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patients in how can we approach our own care better. >> i think what patients with do is come prepared with a one page summary. make sure they ask good questions. and make sure they physician is acting in an open minded way. and really, make sure that their partiesn't pas in advocacy to support the work we are doing here. without public support there won't be enough research funding and funds made available to push these agendas forward in order to reduce diagnostic error. >> and how does the medical community improve things. >> we have to take stock. we have to do studies to prioritize the areas are the greatest amounts of harm occur, and specifically identify what our potential solutions to introduce, whether they end up being decision support tools that are used with
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computers, new devices to improve diagnostic accuracy, studying misdiagnosis of stroke and patients presents to the emergency department with dizziness. and in other cases through more effective communication. >> absolutely. >> thank you so much, doctor david from john hopkins university school of medicine for being with us. >> thank you for having me. >> coming up wednesday on this program, he is a radical civil rights attorney, who represented the black panthers, now he is a mayor in the reddest of red states. >> i think president obama had more -- i think a little bit more progress would have been made. >> no disrespect to president obama, but i'm one of the people that was in the trenched that made it possible for president obama to get to where he is. he never marched the streets dend maaing anything.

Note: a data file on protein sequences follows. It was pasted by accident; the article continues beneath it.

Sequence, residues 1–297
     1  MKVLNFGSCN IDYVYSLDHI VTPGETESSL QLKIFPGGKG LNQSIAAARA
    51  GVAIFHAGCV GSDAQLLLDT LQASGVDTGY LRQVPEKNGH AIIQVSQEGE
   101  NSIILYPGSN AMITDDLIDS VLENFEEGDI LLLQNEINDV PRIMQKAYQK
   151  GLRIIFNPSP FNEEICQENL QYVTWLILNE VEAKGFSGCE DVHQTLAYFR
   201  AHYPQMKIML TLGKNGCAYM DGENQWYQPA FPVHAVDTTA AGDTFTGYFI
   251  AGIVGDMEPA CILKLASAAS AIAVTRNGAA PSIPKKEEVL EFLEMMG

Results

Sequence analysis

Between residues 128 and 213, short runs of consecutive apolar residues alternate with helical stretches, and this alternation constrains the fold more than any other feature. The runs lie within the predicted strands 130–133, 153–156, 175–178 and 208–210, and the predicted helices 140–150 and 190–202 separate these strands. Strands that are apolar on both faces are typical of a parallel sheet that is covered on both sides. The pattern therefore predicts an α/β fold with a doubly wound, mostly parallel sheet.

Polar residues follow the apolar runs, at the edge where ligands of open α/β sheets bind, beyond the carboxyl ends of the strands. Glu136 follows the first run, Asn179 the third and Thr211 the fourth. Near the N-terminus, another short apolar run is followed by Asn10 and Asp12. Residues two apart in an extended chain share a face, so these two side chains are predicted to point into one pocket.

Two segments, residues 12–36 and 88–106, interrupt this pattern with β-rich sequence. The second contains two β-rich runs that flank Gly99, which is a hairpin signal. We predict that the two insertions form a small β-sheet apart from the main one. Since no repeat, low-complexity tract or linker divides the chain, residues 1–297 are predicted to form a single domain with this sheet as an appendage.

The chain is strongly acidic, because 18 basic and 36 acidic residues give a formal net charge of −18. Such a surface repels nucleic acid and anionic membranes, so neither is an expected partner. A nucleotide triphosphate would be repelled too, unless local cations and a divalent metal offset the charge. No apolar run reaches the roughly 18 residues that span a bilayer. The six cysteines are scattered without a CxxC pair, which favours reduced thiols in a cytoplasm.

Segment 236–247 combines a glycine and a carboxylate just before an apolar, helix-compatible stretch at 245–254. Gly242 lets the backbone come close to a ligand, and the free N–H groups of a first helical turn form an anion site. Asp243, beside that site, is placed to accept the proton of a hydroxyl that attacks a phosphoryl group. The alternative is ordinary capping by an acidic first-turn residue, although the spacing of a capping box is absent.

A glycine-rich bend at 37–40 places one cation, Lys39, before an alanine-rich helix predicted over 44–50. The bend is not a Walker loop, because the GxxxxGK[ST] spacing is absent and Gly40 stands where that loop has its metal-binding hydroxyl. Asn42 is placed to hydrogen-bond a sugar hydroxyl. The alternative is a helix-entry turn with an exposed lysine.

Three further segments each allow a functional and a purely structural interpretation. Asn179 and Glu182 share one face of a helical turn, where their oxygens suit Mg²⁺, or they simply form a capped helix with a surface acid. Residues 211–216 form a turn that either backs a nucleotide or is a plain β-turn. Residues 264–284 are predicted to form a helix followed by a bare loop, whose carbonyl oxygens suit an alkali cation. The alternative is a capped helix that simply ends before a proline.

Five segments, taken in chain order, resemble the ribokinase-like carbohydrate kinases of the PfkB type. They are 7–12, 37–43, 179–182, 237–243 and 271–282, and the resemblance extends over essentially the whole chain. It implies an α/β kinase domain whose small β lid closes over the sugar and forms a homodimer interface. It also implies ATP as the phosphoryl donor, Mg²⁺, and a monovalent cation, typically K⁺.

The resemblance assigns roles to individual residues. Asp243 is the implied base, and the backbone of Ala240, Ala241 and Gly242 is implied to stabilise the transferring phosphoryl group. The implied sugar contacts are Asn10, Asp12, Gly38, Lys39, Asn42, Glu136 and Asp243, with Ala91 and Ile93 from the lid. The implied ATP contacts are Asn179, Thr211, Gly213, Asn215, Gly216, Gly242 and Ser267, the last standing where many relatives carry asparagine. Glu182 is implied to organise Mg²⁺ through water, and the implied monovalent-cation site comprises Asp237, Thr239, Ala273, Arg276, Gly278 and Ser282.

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he never stood in front of the clan and said you aren't going to march here, i have done those things and more. he has been called america's most revolutionary mayor, and you can meet him right here on wednesday on america tonight. and still to come, this evening. we meet two women that say living with big scary snakes is a good thing. we'll be back. ç]
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finally tonight, from the hard to believe files two women in south africa are living in a house of snakes. by choice. there's got to be a reason, to find out why. >> it took a lot of courage for these south africans to do this. even though they have been told cymba, the nonvim nows wrapping himself around them is harmless. despite the experience, they haven't lost his fear of snakes. but he does say people should have a more open mind about them. >> i think they should come to one of these, and